Mesmerising club constructions rooted in Arab music traditions.
On Dhakar, Abdelwahed delves deeper into the rhythmic element that made her previous release such a knotty pleasure. Skittering clicks, a lurching bassline and off-kilter drums dominate "Ah'na Hakkeka"—like a Shackleton track but coiled tighter—while "Zardet Sidi Bagra" is a syncopated bruiser of woody thwacks. True to form, Abdelwahed explores another strong thematic angle rooted in her own experiences of North Africa.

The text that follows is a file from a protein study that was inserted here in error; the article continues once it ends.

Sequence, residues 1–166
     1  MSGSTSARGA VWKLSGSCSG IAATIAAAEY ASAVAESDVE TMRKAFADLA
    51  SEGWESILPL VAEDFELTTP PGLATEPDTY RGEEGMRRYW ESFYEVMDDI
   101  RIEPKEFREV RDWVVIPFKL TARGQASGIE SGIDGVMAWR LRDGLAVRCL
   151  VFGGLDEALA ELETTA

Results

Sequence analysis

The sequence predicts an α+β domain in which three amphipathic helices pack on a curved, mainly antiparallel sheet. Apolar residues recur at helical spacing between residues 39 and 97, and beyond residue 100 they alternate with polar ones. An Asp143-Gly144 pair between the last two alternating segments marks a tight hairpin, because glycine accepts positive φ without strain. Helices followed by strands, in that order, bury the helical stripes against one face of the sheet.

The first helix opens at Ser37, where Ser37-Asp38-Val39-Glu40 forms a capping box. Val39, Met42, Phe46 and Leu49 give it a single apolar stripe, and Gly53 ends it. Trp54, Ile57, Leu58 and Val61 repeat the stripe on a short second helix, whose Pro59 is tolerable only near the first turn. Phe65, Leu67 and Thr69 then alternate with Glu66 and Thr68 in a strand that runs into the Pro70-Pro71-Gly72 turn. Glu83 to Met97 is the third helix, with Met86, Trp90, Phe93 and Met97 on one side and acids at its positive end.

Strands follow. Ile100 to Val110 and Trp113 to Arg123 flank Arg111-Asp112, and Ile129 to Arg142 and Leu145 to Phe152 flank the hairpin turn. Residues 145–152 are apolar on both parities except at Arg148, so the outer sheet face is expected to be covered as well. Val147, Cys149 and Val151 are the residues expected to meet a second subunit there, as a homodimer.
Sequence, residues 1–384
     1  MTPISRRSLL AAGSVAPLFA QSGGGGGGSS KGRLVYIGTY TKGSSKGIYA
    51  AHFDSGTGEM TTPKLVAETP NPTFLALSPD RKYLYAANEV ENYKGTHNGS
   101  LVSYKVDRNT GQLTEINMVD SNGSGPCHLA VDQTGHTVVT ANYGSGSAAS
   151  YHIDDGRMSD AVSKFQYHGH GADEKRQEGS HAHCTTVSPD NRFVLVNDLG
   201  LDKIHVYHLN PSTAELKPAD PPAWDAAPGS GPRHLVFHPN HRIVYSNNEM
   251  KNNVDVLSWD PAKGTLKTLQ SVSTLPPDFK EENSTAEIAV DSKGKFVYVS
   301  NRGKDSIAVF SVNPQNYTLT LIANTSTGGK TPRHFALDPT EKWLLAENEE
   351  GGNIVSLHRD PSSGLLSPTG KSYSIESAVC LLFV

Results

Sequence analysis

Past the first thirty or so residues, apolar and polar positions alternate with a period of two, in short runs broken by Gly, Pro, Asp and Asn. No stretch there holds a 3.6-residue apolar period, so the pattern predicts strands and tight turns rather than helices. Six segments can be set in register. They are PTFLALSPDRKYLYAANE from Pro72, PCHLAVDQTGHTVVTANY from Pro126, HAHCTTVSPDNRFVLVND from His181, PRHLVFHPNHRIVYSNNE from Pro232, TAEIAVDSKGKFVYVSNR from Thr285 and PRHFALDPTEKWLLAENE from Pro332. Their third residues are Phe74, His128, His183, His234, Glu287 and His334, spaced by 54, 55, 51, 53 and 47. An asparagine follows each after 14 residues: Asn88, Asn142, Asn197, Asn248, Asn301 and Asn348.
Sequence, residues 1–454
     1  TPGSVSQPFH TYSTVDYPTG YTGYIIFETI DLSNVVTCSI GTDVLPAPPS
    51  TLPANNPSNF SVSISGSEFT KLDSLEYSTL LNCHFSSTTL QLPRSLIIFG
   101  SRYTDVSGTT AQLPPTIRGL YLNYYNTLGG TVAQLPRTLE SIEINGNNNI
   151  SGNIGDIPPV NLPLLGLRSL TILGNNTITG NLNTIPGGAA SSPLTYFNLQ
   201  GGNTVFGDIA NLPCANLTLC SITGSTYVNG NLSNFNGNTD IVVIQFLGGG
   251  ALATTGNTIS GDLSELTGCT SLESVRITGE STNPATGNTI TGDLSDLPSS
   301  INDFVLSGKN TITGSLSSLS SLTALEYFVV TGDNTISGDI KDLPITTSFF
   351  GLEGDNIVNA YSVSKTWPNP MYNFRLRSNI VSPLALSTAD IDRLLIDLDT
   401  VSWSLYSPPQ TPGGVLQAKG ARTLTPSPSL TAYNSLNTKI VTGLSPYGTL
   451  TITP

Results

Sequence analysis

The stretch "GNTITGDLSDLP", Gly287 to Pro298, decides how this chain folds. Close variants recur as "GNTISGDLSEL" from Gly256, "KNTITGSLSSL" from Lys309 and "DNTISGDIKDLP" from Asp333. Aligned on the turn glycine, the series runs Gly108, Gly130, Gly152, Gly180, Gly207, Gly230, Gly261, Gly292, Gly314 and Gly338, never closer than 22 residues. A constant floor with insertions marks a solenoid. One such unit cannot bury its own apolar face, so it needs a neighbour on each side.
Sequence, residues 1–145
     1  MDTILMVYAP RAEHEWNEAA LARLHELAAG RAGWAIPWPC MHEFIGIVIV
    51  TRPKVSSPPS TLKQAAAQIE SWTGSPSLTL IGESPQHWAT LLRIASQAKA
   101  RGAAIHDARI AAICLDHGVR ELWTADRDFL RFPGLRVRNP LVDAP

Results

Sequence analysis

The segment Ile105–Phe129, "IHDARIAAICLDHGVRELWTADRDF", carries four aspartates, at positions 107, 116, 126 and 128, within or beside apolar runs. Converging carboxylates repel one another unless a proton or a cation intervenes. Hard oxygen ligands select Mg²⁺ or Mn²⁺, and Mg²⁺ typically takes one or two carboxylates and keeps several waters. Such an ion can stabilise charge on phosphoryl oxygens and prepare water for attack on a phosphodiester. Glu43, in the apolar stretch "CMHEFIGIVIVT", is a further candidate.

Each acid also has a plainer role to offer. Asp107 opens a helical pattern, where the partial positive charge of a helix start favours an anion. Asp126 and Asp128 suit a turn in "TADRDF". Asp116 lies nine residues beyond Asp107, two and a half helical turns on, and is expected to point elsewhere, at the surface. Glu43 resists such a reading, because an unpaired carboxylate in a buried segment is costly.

Dhakar, which means "male" in Arabic, is suffused with men, or what sounds like them. On "Lila Fi Tounes," Abdelwahed pitches her own voice down to mimic a silky voiced crooner. Elsewhere, recordings of drunk men singing Egyptian Tarab music and swirling folky violins tilt the tracks towards an ominous mood. Such details, deftly knitted into these experimental, mesmerising club constructions, emphasise Abdelwahed's unwavering viewpoint, inextricable from the traditions—local or otherwise—she channels.